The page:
import numpy as np
import pandas as pd
import matplotlib.pyplot as plt
%matplotlib inline
from IPython.display import Image

from tyssue import config, Sheet, SheetGeometry, History, EventManager
from tyssue.draw import sheet_view
from tyssue.generation import three_faces_sheet
from tyssue.draw.plt_draw import plot_forces

from tyssue.dynamics import PlanarModel

from tyssue.solvers.viscous import EulerSolver
from tyssue.draw.plt_draw import create_gif

geom  = SheetGeometry
model = PlanarModel

sheet = Sheet.planar_sheet_3d('planar', nx=6, ny=6, 
                             distx=1, disty=1)
sheet.sanitize(trim_borders=True, order_edges=True)
fig, ax = sheet_view(sheet)

The history object

The History class defines the object in charge of storing the evolving epithelium during the course of the simulation. It allows to access to different time points of a simulation from one unique epithelium.

Most of the time, we use HistoryHDF5 class, that writes each time step to a file, which can be useful for big files. It is also possible to read an hf5 file to analyze a simulation later.

In the solver, we use the history.record method to store the epithelium.In the create_gif function, we use the history.retrieve method to get back the epithelium at a given time point. Please see the API for more details.

history = History(sheet, save_every=2, dt=1)

for i in range(10):
    geom.scale(sheet, 1.02, list('xy'))
    # record only every `save_every` time 

create_gif(history, 'simple_growth.gif', num_frames=len(history))

<IPython.core.display.Image object>

retrieve returns an epithelium of the same type as the original:


Iterating over an history object yields a time and a sheet object:

for t, sheet in history:
    print(f"mean area at {t}: {sheet.face_df.area.mean():.3f}", )
mean area at 0.0: 0.781
mean area at 1.0: 0.813
mean area at 3.0: 0.880
mean area at 5.0: 0.952
mean area at 7.0: 1.031
mean area at 9.0: 1.116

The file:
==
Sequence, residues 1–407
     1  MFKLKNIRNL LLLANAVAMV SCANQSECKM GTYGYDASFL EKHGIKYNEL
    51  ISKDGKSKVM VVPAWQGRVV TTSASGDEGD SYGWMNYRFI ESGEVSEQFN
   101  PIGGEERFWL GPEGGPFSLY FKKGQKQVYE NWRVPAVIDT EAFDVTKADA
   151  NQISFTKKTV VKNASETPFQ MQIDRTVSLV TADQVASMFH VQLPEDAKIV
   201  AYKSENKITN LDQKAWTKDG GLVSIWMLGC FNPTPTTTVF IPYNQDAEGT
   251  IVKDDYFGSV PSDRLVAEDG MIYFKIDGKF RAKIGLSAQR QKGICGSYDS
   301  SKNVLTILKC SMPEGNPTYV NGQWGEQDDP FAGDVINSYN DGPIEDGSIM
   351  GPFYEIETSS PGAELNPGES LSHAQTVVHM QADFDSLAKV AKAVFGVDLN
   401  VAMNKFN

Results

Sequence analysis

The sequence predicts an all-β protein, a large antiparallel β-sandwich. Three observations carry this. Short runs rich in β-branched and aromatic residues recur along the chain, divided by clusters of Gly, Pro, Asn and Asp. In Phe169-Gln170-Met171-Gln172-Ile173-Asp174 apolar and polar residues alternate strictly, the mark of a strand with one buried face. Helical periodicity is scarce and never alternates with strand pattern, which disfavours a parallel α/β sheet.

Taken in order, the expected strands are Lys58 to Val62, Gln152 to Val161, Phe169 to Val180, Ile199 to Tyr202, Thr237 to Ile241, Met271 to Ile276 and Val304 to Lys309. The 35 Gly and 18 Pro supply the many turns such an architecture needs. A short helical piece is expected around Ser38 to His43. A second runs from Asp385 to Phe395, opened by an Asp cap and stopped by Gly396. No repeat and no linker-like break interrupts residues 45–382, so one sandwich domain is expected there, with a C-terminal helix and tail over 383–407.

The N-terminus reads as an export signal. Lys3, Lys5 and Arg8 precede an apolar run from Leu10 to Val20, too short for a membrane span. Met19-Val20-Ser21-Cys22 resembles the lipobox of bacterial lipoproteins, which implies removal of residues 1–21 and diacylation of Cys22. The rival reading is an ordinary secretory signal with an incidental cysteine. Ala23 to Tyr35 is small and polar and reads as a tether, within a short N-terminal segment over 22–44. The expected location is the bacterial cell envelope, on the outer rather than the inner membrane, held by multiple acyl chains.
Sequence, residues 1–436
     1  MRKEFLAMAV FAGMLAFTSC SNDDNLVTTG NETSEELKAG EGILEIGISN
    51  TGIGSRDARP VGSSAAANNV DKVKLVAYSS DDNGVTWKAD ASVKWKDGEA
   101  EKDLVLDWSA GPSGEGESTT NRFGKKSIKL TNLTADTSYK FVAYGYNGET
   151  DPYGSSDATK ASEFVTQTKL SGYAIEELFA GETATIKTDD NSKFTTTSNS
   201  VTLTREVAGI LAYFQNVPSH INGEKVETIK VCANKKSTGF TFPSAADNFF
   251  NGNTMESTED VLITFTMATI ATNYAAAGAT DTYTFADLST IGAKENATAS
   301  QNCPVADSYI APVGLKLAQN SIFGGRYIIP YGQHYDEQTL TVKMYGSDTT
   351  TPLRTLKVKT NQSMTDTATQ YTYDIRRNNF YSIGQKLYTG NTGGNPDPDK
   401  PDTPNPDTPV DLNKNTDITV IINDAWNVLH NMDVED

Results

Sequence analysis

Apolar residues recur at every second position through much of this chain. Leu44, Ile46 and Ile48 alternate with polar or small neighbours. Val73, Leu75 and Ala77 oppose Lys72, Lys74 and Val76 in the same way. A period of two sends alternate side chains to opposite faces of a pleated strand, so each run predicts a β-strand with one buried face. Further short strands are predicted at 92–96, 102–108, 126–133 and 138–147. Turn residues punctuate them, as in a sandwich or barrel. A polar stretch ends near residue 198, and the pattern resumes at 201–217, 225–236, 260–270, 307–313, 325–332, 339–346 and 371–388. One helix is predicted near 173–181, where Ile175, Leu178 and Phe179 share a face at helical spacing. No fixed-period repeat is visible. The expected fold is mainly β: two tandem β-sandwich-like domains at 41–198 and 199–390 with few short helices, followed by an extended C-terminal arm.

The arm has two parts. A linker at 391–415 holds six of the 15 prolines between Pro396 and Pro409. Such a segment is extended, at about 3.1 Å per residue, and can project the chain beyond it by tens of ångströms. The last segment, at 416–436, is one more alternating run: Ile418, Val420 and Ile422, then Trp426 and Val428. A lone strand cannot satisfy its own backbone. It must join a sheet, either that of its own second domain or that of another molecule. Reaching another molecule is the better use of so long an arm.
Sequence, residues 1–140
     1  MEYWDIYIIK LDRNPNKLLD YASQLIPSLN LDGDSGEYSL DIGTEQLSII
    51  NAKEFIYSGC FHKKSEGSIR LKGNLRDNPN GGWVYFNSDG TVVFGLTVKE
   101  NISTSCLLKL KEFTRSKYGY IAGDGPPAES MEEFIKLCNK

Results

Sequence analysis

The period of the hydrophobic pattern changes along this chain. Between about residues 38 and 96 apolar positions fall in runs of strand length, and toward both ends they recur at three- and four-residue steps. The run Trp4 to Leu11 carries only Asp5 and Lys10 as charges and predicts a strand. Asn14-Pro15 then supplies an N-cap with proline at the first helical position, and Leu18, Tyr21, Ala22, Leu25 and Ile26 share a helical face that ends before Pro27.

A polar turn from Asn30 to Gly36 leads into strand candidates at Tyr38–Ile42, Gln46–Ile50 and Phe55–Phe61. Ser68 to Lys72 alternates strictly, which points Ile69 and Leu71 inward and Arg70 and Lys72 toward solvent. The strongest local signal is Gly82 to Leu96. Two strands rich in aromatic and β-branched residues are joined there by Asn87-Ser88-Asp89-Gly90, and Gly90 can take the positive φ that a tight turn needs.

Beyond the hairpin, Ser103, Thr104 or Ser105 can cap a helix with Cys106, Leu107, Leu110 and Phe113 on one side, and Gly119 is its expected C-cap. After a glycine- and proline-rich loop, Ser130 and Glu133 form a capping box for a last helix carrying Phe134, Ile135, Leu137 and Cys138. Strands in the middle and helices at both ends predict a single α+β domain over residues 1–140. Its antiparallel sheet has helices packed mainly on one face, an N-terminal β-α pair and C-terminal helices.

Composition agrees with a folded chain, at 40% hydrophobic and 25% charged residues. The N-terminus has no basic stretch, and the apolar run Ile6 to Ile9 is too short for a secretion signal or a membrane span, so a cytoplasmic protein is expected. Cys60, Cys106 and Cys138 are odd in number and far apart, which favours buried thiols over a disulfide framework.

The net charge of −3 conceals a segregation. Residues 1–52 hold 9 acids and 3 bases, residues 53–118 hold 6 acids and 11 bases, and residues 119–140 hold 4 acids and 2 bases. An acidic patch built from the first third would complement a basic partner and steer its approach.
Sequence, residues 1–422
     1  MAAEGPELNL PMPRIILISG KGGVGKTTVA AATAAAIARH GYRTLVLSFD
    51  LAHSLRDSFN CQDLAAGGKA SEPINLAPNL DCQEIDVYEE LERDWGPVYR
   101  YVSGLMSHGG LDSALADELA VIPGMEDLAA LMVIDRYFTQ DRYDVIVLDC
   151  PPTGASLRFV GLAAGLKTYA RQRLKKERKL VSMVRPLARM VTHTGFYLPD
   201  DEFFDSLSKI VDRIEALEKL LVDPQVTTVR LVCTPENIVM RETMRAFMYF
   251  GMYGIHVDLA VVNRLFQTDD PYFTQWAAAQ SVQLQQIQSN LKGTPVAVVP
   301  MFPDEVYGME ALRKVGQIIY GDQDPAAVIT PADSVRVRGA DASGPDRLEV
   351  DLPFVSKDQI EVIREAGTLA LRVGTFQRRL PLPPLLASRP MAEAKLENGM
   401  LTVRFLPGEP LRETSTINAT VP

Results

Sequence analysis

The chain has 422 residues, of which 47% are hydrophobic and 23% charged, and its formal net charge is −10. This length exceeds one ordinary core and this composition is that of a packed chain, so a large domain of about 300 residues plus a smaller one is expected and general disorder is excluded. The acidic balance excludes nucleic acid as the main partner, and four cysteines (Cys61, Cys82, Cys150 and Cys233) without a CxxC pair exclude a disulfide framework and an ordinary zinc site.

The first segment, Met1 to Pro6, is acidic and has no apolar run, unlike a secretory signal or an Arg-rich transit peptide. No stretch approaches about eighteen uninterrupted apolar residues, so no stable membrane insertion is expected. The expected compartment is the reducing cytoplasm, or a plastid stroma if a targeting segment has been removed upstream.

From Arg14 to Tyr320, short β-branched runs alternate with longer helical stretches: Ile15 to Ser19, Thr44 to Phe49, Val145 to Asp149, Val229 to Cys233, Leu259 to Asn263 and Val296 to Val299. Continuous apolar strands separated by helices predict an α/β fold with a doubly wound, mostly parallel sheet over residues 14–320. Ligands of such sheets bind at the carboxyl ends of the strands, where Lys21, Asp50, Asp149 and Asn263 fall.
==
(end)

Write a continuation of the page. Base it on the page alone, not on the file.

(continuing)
The vert_h, edge_h and face_h DataFrames hold the history:

vert basal_shift rho y height x is_active z time
0 0 4.0 0 2.625 -4.0 0.5 1 0 0.0
1 1 4.0 0 3.375 -4.0 1.5 1 0 0.0
2 2 4.0 0 2.625 -4.0 2.5 1 0 0.0
3 3 4.0 0 3.375 -4.0 0.5 1 0 0.0
4 4 4.0 0 3.625 -4.0 1.0 1 0 0.0

You can plot the evolution of a column vs time:

fig, ax = plt.subplots()

ax.scatter(history.face_h['time'], history.face_h['area'], alpha=0.2, s=12)


Quasistatic solver

A common way to describe an epithelium is with the quasistatic approximation: we assume that at any point in time, without exterior perturbation, the epithelium is at an energy minimum. For a given expression of the model’s Hamiltonian, we thus search the position of the vertices corresponding to the minimum of energy.

The Farhadifar model

A very common formulation for the epithelium mechanical energy was given in Farhadifar et al. in 2007.

The energy is the sum of an area elasticity, a contractility and a line tension: $\( E = \sum_\alpha \frac{K_A}{2}(A_\alpha - A_0)^2 + \sum_\alpha \Gamma P_\alpha^2 + \sum_{ij} \Lambda \ell_{ij} \)$

This model has been predifined in tyssue as the default PlanarModel. We can use it in combination with a Solver object to find the energy minimum of our sheet.

To add the various columns in the dataframes (as we did above) we use a specification dictionnary with the required parameters.

#from tyssue.config.dynamics import quasistatic_plane_spec
from tyssue.dynamics.planar_vertex_model import PlanarModel as smodel
from tyssue.solvers import QSSolver
from pprint import pprint

specs = {
    'edge': {
        'is_active': 1,
        'line_tension': 0.12,
        'ux': 0.0,
        'uy': 0.0,
        'uz': 0.0
   'face': {
       'area_elasticity': 1.0,
       'contractility': 0.04,
       'is_alive': 1,
       'prefered_area': 1.0},
   'settings': {
       'grad_norm_factor': 1.0,
       'nrj_norm_factor': 1.0
   'vert': {
       'is_active': 1